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Archive for the ‘Analysts Reports’ Category

China ‘to overtake US on science’ in two years

As many of you who have followed my blog know, I am very skeptical of China politically and economically which is why I find this latest article from the BBC interesting. In it, the BBC asserts based on a report from the Royal Society, an eminent organization, that China is on course to overtake the US in scientific output possibly as soon as 2013 – far earlier than expected.

What the BBC and the Royal Society dont mention with clarity is that they are basing their “output” measure on “white papers” and other technical documentation. The output of White Paper’s and technical documents is not the true measure of one’s scientific or innovation leadership. Particularly with the Chinese who are know to steal, copy and plagerize just about anything they can get their hands on. Don’t believe me? Just ask the Russians.

What is note worthy is that I don’t believe China currently posses the “innovation gene”…yet. Where the U.S. has this as part of our DNA. This is why the U.S has been the worlds leader in innovation, science and technology advances for two centuries. What does this mean in regards to China? Well, I believe they will find new and different ways to innovate, acquiring their own “Innovation Gene”.  As long as the U.S., EU, Japan, and others outsource their manufacturing to China, the Chinese will eventually figure out how to innovate through a method called Lead User Innovation (for more on this search MIT Professor Eric Von Hipple).

Will China be a bigger player in the innovation of new technologies, scientific advances, etc….. yup. Maybe not in 5 years or even 1o. But the Chinese are smart, resourceful, adept and willing to learn and grow. More importantly, they have the financial and political systems in place to hit innovation really hard over the next 25 years.

Probably the most important issue when looking at the Chinese and their innovation growth potential is that they are patient. They can afford to wait and do it right. Through decades of practical and effective reverse engineering, the Chinese will acquire the skills they need to start applying process frameworks to their ideas and then China will be a major player in both development and manufacturing. This will cause huge financial, technological, political, geopolitical, economic, military and product development issues for the rest of world.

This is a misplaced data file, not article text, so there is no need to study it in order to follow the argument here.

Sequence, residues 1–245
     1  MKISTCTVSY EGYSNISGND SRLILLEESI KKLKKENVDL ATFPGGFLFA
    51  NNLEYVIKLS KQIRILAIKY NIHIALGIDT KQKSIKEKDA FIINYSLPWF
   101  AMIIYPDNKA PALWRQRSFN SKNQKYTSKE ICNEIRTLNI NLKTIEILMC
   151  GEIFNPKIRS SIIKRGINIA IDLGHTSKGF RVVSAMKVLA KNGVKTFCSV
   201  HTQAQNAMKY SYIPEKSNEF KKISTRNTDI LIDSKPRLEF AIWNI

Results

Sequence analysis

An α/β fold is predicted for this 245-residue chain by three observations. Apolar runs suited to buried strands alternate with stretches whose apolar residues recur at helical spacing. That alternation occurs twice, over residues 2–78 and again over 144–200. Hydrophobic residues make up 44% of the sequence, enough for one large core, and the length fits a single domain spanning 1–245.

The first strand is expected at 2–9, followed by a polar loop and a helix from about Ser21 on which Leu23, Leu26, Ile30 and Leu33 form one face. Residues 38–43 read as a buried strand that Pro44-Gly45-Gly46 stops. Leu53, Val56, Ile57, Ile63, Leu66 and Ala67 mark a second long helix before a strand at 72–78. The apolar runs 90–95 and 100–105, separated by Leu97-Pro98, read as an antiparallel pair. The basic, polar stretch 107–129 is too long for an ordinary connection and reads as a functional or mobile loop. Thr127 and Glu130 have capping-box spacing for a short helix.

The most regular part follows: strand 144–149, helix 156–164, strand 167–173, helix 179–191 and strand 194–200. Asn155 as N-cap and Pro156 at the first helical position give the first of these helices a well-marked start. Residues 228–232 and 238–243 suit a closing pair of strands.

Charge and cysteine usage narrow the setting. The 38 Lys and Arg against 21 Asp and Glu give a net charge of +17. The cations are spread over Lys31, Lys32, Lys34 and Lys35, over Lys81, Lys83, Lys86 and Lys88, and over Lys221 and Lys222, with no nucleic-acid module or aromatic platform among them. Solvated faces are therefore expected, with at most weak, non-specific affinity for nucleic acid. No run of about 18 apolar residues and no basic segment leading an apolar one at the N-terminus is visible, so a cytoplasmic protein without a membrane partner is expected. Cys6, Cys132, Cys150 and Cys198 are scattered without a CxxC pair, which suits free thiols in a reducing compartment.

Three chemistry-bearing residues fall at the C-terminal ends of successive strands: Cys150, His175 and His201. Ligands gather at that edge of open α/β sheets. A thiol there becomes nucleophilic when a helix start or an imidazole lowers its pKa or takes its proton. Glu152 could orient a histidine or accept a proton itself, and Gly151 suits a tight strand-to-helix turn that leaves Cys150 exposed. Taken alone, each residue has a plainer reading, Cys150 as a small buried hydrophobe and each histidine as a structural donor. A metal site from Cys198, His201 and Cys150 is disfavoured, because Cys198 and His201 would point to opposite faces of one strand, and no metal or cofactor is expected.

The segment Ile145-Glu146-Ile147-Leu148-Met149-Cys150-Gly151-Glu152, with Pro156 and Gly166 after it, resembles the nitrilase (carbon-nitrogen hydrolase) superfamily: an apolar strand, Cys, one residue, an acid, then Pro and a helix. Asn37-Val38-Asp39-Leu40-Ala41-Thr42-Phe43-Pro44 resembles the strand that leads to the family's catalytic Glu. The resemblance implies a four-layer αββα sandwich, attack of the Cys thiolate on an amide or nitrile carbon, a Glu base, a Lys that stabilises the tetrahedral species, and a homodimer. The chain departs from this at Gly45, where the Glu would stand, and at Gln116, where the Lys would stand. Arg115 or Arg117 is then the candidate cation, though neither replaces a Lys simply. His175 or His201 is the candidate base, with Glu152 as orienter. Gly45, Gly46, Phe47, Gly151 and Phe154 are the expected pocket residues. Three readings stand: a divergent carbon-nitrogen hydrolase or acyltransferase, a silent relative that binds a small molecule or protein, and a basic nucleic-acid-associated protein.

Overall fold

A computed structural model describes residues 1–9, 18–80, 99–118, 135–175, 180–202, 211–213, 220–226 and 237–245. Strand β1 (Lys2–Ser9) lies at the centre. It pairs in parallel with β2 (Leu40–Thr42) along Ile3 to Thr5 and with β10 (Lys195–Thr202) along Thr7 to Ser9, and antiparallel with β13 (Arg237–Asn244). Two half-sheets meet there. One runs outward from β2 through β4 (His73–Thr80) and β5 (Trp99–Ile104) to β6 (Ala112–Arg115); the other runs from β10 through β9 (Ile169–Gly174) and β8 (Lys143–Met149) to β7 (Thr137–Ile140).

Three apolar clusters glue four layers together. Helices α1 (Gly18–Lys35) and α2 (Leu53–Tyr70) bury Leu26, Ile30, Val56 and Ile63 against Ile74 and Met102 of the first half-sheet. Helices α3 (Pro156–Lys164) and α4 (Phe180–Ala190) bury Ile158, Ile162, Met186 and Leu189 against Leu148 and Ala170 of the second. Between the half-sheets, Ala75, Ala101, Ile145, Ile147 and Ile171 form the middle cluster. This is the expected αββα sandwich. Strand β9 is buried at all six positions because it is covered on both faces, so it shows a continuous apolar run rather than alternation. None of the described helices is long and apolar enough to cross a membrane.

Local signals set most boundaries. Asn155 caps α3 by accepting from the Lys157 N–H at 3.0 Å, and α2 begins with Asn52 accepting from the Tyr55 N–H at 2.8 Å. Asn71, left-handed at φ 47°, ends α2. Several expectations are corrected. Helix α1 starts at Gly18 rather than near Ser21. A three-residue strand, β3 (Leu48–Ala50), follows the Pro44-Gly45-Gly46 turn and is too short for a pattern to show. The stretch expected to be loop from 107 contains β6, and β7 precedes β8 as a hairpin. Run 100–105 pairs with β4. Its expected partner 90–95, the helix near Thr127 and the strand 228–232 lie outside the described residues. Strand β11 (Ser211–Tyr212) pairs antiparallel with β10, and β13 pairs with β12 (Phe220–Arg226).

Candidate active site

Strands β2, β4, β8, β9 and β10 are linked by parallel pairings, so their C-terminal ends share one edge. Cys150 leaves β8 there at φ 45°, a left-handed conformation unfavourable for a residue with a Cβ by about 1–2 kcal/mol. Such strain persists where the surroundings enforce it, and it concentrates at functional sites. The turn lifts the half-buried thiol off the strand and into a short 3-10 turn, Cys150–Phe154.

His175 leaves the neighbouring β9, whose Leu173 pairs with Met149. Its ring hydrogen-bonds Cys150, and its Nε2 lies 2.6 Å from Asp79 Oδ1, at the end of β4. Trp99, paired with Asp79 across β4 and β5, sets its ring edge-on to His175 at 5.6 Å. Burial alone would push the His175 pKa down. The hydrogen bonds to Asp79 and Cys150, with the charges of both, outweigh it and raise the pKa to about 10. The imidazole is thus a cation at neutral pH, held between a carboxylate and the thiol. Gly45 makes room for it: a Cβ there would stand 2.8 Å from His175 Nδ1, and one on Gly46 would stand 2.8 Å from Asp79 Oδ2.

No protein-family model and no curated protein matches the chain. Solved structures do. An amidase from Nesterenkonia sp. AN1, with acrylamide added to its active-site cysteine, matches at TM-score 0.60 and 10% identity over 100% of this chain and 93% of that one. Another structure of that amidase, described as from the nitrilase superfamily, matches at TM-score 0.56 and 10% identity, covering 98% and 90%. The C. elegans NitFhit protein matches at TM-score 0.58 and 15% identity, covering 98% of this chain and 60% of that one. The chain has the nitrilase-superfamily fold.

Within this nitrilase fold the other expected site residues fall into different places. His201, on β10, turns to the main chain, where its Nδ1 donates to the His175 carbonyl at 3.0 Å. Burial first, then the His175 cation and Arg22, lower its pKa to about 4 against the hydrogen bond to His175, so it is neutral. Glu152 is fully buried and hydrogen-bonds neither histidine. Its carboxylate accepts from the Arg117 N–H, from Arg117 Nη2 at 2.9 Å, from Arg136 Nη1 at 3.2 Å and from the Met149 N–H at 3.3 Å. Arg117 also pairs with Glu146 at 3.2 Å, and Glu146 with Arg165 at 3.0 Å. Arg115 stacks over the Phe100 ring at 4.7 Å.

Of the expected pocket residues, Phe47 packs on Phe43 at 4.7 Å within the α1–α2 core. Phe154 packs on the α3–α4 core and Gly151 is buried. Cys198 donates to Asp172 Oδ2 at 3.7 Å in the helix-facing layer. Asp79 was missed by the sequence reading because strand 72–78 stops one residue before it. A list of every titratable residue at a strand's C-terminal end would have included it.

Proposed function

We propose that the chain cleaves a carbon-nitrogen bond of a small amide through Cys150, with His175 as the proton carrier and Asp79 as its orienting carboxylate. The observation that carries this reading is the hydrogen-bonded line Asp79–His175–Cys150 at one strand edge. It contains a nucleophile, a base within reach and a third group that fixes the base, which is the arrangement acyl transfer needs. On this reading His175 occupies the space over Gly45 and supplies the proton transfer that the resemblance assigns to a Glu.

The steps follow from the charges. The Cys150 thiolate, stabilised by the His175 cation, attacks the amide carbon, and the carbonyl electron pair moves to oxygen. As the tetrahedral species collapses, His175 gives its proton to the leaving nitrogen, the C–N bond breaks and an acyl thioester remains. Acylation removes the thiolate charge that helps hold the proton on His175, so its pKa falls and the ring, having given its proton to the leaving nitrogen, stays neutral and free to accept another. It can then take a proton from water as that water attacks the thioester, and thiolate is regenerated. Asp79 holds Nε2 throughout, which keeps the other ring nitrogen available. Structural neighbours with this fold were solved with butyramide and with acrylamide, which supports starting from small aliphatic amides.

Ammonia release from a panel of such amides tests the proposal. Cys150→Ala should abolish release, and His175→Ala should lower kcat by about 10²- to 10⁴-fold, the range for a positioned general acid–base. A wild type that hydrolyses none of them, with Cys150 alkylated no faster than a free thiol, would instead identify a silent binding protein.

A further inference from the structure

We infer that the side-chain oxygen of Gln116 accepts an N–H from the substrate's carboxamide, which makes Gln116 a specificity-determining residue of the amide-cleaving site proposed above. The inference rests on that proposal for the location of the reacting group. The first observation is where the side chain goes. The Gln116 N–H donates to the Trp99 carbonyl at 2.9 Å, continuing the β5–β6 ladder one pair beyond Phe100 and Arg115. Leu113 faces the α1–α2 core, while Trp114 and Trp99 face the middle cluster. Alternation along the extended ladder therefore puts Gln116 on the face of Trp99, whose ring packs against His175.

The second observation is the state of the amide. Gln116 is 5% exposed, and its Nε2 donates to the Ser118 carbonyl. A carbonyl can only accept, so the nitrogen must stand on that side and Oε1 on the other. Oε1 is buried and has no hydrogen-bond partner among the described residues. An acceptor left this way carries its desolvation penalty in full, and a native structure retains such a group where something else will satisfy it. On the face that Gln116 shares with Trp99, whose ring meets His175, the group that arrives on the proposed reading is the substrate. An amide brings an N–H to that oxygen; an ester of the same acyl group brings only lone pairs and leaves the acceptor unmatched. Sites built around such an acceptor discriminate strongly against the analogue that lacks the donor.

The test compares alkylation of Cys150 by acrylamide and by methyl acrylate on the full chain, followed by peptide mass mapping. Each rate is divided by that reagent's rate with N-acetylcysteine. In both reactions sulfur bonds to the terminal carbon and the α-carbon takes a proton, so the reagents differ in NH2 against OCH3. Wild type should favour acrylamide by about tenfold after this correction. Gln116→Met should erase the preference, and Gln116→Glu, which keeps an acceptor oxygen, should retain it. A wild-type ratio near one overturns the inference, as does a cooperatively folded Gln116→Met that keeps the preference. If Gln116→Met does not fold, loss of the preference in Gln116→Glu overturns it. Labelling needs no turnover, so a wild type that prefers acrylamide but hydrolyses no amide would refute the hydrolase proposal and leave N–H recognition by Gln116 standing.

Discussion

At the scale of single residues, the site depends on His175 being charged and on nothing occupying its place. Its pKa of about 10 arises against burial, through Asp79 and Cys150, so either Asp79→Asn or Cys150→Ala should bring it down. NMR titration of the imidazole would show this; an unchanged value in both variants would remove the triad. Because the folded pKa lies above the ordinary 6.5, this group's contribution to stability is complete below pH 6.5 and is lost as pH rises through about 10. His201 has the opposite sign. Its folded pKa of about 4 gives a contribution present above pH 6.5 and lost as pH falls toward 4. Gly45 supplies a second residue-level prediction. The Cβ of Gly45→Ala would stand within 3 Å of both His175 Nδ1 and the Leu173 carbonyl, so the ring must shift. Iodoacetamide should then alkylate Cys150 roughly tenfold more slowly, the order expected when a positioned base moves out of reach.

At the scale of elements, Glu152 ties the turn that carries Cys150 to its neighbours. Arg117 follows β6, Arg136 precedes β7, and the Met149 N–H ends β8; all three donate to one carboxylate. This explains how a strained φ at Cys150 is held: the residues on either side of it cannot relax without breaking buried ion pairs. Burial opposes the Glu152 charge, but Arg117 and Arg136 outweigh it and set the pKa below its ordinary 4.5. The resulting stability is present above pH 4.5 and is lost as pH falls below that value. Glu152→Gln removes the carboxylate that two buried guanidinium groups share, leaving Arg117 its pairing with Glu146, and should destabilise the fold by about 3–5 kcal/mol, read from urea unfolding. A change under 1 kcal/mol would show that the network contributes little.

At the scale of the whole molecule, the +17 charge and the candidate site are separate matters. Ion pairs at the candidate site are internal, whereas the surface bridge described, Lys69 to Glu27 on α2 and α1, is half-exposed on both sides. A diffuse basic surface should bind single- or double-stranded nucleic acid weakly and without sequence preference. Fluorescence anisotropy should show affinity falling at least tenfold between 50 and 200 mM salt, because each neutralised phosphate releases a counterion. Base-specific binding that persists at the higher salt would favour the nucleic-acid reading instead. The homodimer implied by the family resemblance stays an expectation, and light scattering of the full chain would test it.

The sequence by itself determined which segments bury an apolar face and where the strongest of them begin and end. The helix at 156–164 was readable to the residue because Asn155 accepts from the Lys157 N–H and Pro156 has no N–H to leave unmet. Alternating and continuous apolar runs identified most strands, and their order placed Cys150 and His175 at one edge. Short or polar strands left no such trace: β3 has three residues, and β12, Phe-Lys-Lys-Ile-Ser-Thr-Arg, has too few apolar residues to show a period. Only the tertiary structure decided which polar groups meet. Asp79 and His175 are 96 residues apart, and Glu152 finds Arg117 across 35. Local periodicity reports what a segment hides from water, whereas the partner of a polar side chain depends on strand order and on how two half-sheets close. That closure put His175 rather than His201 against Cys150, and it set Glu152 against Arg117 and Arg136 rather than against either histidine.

The writing is on the wall for the rest of the world. Step up and get moving or get plowed over by China.  No one should under estimate the potential the Chinese have to compete on the global stage of ideas. Its not enough for just MIT, Harvard,  Stanford, and other research universities to carry the weight of scientific output and innovation leadership. We need a culture of innovation and the means and diverse resources to continue to lead, otherwise we will find ourselves in perpetual catch up mode. Check out the BBC article here!



Written by David Frederick

March 29, 2011 at 1:37 PM

Japan’s Disaster Sparks Serious Tech Supply Shortage Concerns

As if Japan didn’t have enough problems. Its economy may take decades to recover. But the related consequences on a global scale for technology and consumer electronics could equally devastating. Components such as memory chips and liquid crystal displays that are used in consumer electronics ranging from smartphones to televisions will likely be in short supply in the weeks ahead. This could have huge supply and economic implications for companies like Motorola, Apple, HTC, Samsung, Vizio, Sony and many others both in OEM and Retail.

I remember back several years ago when a memory chip manufacturer’s facility in Taiwan caught fire and burn to the ground. That single event raised the price of RAM to huge levels. In the current case, Japan is home to several memory chip makers, including Elpida Memory Inc. and Toshiba Corp., the world’s second-largest NAND flash memory chip producer by revenue after Samsung Electronics Co. of South Korea. Obviously, this is a very volatile industry with a select group of manufactures, most located in Japan, Taiwan, or Korea.